Down in the Everglades, the lawyers are not so much reptiles as hungry alligators - and they are snapping hard at the heels of any doctor who makes a mistake. If the medical establishment in this country is worried by the rising cost of negligence claims, it should look west, and count its blessings.
The Florida Medical Malpractice Web Site, provided by a specialist legal practice, offers guidance on such questions as: 'How much will my attorney charge?' Answer: 'Up to 40 per cent of the first $1m and 30 per cent of the second.' And: 'What will the defence do?' Answer: 'Blame the patient.'
It also explains how lawyers check a doctor's record as a prelude to suing the pants off them. Much of the information is online, including a Department of Insurance database of paid malpractice claims histories and the Agency for Health Care Administration's list of disciplinary actions against doctors.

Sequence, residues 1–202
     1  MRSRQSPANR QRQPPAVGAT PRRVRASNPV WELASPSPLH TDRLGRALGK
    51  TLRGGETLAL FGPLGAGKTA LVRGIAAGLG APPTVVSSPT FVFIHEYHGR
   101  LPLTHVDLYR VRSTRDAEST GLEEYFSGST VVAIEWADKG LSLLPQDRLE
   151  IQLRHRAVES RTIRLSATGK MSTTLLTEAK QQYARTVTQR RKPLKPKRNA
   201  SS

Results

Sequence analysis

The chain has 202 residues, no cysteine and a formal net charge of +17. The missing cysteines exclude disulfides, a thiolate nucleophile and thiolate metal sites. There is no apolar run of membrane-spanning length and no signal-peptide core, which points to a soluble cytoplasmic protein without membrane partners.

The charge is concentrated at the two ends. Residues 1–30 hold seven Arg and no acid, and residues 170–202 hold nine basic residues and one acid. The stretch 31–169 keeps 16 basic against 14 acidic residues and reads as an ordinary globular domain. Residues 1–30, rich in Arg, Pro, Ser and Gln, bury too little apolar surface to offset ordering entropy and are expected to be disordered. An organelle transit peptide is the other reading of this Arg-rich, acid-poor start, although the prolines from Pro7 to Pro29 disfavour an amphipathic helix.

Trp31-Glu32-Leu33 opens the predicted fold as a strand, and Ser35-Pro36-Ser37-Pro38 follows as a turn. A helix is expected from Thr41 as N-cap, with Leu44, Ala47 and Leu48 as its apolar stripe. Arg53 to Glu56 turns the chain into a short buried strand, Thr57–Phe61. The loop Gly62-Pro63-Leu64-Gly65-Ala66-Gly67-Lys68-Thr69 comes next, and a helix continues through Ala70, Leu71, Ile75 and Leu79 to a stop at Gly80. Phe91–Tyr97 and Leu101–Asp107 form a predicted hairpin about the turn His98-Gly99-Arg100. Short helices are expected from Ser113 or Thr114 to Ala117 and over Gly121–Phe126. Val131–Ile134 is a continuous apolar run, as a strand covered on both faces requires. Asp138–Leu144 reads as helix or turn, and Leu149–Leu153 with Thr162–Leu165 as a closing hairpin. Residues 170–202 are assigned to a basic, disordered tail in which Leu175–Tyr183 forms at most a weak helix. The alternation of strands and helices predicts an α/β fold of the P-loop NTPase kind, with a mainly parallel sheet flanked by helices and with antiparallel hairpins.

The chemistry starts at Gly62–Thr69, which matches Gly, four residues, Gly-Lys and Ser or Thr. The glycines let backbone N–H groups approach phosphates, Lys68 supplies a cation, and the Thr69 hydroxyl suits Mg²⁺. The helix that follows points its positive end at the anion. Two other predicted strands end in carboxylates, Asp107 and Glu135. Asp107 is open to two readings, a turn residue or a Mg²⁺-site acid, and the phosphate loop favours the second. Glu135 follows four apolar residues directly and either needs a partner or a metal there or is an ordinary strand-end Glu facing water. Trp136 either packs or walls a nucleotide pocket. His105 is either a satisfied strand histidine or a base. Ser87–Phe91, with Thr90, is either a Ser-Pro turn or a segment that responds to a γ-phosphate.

Failing all else, they will turn to the Americal Medical Association's Physician Select site, which claims to provide information on virtually every licensed doctor in the US, or to the American Board of Medical Specialties, which at least will tell you who is qualified to do what and where.
It is very different here. Croydon-based solicitors McMillan Williams offer a parallel 'Going to law' guide on medical negligence which damps down talk of big payouts by pointing out that 'sometimes things can go wrong because of plain bad luck' and advising would-be litigants to exhaust other routes first.
Will all this change? The firm is concerned at what will happen under no-win, no-fee reforms. And it has felt the impact of a greater willingness to sue doctors: it took on 37 cases in 1996, 44 in the first nine months of 1997 and now has 150 on its books, even after turning away about a third. Straws in the wind?